As of now, Cloud Gaming has a lot of problems in terms of its operation and performance. Regardless the industry refused to give up on it. Leading GPU maker Nvidia came out with GRID in 2013, which was later renamed GeForce Now. This was primarily for their Shield Android TV device, but they later branched out to service PC users.
To this, other companies followed suit. Shadow, a service established by French company Blade in 2017, delivers excellent quality Cloud Gaming. However, by the hand of currently limited Internet and bandwidth technology, Shadow is geographically limited based on proximity to one of its data centers. The farther you are, the worst the service gets. Still, the big companies are joining the bandwagon. EA, in 2018 has started working on their Project Atlas. In 2019, Google officially came out with its Cloud Gaming service, Stadia. Likewise, Microsoft is coming out with their Project xCloud, which utilizes the company's Azure technology. Microsoft, Nvidia, and Google are currently in talks with Apple on releasing their services via the IOS mobile platform.
At this point, we may ask if Cloud Gaming is a fad. From the perspective of the big gaming industry companies, it currently looks so as everyone wants to jump on the bandwagon. But for the gamers who are currently going to use it, Cloud Gaming has several limitations worth thinking about before one makes a move. The service (aside from a trial offering) is not free. There is a subscription, and it's going to cost. Compared to the cost of acquiring a dedicated gaming PC with the most powerful GPU card, memory, processors, and whatnot, the cost for a Cloud Gaming service looks minimal. However, there are issues. Cloud Gaming has 4 blatant problems as of now. The first is Latency or, in gaming parlance, Lag. Lag becomes noticeable depending on the distance of the user to the providing data center. The farther away, the bigger the instances of lag. Although this is currently being mitigated by Cloud Gaming services to make it minimal, the reaction time from receiving the user inputs to executing on the game running on the cloud server and then streaming back the results to the user is still the main issue be addressed. Single-player games can compensate for this, but multi-player online eSports would be hugely affected by the latency issues rendering this form of gameplay impractical.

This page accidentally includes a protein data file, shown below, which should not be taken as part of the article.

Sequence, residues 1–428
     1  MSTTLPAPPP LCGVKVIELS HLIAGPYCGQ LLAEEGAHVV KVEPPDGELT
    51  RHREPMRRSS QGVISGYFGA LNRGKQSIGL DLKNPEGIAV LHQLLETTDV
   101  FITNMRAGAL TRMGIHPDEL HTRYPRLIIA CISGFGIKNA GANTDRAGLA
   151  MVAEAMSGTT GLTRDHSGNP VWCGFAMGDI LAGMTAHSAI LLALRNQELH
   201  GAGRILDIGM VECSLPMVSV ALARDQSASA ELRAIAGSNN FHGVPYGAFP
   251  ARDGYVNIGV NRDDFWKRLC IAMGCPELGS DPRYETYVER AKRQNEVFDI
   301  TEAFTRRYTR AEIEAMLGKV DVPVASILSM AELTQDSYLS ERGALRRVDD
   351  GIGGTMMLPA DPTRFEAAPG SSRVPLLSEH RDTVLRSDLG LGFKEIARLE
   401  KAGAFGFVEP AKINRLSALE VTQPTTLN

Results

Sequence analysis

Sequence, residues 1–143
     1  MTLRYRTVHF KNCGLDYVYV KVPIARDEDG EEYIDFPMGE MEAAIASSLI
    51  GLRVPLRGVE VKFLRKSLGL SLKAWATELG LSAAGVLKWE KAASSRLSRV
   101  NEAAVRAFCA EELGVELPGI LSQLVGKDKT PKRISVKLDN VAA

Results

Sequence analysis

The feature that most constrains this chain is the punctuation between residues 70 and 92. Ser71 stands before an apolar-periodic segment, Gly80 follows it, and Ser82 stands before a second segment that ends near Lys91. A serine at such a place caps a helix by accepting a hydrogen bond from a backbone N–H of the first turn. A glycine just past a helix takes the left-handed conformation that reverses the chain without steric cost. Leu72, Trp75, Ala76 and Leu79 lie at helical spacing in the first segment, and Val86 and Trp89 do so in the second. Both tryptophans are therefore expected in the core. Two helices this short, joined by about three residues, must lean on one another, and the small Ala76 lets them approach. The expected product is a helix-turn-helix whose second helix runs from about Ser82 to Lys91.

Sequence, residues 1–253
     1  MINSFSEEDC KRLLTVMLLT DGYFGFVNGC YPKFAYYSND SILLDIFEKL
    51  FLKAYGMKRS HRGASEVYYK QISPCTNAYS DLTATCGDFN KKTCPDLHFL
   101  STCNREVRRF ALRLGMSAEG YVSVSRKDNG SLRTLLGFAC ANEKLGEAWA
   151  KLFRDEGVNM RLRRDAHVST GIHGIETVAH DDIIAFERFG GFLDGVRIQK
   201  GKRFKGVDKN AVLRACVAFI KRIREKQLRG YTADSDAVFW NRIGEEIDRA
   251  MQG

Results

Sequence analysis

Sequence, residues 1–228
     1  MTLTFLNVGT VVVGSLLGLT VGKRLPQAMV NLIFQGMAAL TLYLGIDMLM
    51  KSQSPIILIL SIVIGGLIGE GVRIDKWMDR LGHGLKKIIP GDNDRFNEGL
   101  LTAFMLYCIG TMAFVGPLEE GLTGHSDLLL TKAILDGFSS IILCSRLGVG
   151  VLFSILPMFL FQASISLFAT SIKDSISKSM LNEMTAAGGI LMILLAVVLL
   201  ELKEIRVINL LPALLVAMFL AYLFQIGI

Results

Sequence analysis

Another problem is Video Compression. A necessity in streaming games to deliver good quality video output. Data is compressed to send more via the available bandwidth to be decompressed on the user's side. Ways to do this better and in a more efficient manner will continually be needed to deliver the quality of gaming within the online streaming speed limitations today. So, if the bandwidth or speed of the connection is not good enough, the game's graphic quality being streamed may be affected to the point that it may even make your head and eyes hurt.